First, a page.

Fork us on GitHub

An Honest GitHub Experiment

Go to the Honest-PI Article Repo

Go to the GitHub Experiment Article Repo

See Our GitHub Tutorial

The CPI is launching an experiment in open collaboration and we invite you to join us.

The Center’s open governance research stream has been exploring how the GitHub platform can be adapted from its primary purpose as a collaborative software development environment, to be used instead for collaborative text-based writing.

GitHub is a web-based social networking and project hosting service, principally used for software development projects that use a version control system called Git.

In seeking to use GitHub for open collaborative writing, we are testing in-part the hypothesis proposed by the noted social media researcher Clay Shirky that the next great frontier in open collaboration lies in platforms such as GitHub that were originally designed to facilitate software development, but may signal a fundamental transformation from coordination to collaboration.

The central research question for this experiment is: can GitHub be used effectively as a platform for open collaboration in co-authored academic writing?

The products from this experiment will be two articles to be submitted to academic journals:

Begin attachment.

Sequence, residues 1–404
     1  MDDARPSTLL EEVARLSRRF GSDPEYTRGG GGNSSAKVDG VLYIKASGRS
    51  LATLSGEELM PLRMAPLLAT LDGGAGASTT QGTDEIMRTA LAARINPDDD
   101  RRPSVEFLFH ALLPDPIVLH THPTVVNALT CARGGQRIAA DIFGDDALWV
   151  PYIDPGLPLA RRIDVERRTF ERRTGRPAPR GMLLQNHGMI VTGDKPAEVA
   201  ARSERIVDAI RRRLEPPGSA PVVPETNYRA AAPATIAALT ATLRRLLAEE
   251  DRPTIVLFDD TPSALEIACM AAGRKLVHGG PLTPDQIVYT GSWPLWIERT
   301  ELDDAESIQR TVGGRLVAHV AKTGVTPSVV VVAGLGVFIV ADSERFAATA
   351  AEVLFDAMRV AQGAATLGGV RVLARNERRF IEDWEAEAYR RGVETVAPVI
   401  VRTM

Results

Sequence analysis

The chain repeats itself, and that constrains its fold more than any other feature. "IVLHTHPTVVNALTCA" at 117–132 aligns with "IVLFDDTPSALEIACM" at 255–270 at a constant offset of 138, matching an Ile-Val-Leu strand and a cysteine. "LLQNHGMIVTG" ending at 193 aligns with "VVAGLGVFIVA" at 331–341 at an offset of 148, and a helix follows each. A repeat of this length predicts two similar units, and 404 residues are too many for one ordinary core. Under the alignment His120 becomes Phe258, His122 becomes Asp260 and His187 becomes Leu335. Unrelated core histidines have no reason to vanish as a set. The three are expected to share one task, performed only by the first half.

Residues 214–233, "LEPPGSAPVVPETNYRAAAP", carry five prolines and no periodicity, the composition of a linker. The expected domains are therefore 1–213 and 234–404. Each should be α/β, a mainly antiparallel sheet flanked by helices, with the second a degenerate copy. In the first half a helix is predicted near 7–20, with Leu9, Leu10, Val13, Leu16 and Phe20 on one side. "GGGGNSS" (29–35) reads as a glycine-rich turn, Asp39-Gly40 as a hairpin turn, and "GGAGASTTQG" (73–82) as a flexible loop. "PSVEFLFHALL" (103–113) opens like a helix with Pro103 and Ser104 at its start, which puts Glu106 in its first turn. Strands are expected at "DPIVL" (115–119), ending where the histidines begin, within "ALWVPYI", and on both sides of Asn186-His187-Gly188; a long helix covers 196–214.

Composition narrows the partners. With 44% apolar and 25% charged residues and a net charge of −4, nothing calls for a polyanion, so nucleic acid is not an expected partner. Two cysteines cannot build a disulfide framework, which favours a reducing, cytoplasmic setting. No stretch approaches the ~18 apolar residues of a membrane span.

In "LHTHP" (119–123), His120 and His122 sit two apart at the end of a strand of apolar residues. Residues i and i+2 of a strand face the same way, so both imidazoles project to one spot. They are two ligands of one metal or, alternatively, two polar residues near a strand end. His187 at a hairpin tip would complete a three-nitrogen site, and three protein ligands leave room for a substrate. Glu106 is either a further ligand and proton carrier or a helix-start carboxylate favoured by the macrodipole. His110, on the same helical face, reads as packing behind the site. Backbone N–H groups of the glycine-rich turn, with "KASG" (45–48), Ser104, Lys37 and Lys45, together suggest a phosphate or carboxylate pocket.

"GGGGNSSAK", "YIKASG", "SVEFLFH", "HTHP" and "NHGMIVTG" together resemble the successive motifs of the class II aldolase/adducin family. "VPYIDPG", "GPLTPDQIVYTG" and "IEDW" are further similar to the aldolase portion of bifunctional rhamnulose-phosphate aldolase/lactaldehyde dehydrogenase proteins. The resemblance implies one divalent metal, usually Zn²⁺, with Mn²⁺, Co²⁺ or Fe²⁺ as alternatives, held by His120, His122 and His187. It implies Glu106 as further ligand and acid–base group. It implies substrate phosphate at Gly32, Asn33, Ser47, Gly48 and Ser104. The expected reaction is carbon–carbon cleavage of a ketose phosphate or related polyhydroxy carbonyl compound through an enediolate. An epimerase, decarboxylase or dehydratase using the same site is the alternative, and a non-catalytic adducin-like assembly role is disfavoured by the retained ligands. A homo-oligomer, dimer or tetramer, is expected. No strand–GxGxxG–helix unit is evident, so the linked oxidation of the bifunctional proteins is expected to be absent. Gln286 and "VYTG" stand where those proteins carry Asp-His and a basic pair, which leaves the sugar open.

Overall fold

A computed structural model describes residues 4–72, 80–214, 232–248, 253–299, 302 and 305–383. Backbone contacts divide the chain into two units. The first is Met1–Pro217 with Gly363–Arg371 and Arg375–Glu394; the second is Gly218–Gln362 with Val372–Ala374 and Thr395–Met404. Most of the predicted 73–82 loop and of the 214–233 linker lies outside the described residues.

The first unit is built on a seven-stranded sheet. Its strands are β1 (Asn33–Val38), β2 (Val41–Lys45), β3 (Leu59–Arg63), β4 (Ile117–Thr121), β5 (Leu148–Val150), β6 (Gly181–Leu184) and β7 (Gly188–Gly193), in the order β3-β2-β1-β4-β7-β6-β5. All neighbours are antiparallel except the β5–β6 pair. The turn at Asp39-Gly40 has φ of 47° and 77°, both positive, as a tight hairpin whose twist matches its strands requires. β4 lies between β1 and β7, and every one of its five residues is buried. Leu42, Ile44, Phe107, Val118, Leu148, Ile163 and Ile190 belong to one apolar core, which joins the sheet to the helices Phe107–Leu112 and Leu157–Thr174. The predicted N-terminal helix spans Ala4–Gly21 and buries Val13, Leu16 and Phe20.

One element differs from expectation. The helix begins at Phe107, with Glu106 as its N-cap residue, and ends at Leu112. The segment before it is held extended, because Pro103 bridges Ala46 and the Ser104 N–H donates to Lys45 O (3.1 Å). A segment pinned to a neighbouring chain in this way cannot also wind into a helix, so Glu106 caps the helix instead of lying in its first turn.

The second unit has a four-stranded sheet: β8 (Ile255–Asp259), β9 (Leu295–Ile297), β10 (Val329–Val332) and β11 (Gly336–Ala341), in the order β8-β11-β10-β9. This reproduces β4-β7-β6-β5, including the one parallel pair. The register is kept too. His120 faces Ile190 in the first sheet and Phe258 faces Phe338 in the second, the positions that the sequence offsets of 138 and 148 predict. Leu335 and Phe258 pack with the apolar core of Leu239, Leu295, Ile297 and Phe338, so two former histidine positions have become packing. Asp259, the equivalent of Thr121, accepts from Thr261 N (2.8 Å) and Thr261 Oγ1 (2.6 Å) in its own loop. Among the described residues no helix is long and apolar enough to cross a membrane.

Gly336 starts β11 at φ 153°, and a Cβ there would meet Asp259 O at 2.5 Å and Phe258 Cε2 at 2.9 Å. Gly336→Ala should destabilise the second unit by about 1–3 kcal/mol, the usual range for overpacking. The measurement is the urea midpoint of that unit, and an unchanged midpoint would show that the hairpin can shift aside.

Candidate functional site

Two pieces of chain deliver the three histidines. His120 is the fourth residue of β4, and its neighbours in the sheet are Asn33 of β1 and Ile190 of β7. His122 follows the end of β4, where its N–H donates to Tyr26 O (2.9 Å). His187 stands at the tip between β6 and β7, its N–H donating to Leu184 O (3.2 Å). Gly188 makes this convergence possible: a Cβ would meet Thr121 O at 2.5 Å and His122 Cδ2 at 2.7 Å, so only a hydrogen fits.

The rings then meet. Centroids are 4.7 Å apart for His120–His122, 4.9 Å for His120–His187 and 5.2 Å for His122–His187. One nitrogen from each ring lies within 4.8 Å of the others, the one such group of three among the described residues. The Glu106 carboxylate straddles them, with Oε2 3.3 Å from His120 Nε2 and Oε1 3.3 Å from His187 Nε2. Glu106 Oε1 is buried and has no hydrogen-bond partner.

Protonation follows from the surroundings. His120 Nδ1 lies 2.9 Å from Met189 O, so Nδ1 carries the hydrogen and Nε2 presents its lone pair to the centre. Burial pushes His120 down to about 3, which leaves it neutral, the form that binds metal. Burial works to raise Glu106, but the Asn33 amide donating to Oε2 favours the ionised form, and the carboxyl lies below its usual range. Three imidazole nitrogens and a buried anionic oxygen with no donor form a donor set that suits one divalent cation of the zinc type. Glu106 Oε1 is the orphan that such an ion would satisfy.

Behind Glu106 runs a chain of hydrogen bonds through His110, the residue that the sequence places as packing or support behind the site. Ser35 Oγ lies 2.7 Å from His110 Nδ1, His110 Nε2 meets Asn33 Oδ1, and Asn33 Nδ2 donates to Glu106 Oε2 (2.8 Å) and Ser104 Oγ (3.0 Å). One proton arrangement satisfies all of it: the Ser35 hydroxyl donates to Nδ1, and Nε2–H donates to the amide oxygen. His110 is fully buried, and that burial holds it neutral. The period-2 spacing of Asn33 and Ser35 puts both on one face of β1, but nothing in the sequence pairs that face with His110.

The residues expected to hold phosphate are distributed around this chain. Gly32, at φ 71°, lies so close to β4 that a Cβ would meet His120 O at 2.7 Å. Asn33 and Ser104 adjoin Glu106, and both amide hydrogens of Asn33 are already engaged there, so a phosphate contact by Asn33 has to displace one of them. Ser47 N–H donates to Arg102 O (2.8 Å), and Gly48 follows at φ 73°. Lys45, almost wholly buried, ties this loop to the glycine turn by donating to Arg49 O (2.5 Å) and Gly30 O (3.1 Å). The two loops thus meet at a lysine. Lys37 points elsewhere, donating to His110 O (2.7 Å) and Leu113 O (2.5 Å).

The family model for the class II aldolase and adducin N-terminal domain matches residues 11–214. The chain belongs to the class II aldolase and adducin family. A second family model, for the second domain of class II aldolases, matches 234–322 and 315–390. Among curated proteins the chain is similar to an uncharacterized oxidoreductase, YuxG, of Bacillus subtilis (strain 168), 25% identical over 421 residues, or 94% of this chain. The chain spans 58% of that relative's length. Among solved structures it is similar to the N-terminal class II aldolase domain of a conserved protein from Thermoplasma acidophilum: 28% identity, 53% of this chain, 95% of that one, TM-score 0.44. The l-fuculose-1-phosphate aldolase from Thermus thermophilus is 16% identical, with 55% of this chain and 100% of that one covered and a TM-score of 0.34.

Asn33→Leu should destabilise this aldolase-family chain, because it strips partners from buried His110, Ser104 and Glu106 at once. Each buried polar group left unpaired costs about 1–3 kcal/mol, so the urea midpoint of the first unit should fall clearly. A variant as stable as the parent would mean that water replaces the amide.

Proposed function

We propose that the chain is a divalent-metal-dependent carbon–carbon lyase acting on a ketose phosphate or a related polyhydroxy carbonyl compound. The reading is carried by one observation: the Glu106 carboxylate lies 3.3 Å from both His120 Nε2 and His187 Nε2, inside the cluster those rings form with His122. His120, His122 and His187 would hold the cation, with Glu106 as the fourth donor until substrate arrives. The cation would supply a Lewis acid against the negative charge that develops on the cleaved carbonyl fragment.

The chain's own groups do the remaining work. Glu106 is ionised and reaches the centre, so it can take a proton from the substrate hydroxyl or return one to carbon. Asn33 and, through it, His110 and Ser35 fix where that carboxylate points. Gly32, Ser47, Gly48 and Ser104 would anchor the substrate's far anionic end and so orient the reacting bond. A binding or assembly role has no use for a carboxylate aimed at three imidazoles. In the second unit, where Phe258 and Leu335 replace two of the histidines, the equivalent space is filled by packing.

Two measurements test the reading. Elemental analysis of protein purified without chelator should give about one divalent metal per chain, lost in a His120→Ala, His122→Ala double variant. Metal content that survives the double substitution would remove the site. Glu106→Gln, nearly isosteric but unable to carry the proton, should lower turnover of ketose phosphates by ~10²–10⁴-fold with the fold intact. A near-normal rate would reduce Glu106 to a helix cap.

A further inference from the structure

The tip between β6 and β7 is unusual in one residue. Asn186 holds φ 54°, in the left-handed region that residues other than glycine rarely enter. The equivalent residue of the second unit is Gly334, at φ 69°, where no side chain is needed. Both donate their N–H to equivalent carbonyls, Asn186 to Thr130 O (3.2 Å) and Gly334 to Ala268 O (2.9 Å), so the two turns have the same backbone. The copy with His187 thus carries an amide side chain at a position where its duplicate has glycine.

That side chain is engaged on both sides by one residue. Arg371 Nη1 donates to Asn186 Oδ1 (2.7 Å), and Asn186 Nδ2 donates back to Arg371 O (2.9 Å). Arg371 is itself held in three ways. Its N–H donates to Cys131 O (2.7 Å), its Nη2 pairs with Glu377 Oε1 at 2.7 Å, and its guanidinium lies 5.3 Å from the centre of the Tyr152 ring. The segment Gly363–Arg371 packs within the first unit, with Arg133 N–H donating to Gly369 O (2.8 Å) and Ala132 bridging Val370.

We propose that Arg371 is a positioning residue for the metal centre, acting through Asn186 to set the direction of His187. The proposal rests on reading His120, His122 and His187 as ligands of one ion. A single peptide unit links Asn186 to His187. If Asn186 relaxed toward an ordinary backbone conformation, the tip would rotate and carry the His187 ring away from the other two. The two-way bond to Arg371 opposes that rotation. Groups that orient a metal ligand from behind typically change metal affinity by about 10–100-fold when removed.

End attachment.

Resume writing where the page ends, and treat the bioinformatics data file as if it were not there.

1. Honest PI: a fully-developed version of our earlier blog post (“What’s an honest policy informatician to do?”) that looked at the challenge of opening governance when we have trouble agreeing on “the facts”, and when beliefs and perspectives influence how people interpret facts in public policy discussions; and,
  2. GitHub Experiment: a research paper that will observe and report on the process of writing the first article.

Both articles will be written entirely within the GitHub platform. We are inviting anyone regardless of credentials to join us as a co-author on either or both of these articles.

To get started, visit the project site on GitHub <> where you’ll find - amongst other links - instructions on how to contribute and the rules for participating.

We are approaching this experiment in an exploratory fashion. While we are aware of many examples of the use of GitHub for collaborative writing, we are not aware of many truly open collaborative writing efforts on GitHub that have succeeded.

We fully anticipate that persuading colleagues to participate in this experiment will not be easy; but we believe that there is enormous potential in this approach. Above all, however, this is truly an experiment - we don't know what will happen. Will the group fragment and fail to meet its objective? Will conflicts be unresolvable? Will authorship become too contentious to determine? Can traditional academic incentives attached to authorship be accommodated within GitHub? Will anyone contribute? Will too many show up?

The upside of uncertainty is that it’s usually exciting. Welcome to a very uncertain experiment.